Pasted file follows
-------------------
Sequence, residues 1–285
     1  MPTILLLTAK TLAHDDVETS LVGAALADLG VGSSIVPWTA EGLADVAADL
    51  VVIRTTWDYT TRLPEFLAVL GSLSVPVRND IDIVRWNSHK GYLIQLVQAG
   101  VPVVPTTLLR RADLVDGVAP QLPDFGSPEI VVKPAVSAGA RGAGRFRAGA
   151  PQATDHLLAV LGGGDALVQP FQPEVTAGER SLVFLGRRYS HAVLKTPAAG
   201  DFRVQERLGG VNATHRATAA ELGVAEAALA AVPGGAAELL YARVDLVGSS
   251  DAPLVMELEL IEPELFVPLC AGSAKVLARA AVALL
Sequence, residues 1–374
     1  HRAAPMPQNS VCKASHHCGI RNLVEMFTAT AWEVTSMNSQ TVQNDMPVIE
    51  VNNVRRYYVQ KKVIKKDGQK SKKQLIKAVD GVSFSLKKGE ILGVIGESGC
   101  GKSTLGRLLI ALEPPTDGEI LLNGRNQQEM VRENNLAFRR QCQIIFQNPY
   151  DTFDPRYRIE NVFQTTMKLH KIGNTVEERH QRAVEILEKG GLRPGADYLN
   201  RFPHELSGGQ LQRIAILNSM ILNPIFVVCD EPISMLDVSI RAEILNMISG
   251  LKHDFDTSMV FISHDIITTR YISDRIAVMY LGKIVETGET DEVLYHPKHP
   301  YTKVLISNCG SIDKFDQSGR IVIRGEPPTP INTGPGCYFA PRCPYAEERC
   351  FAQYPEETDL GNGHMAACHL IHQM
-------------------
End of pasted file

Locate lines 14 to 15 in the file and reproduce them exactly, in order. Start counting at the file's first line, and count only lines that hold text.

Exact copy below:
   251  LKHDFDTSMV FISHDIITTR YISDRIAVMY LGKIVETGET DEVLYHPKHP
   301  YTKVLISNCG SIDKFDQSGR IVIRGEPPTP INTGPGCYFA PRCPYAEERC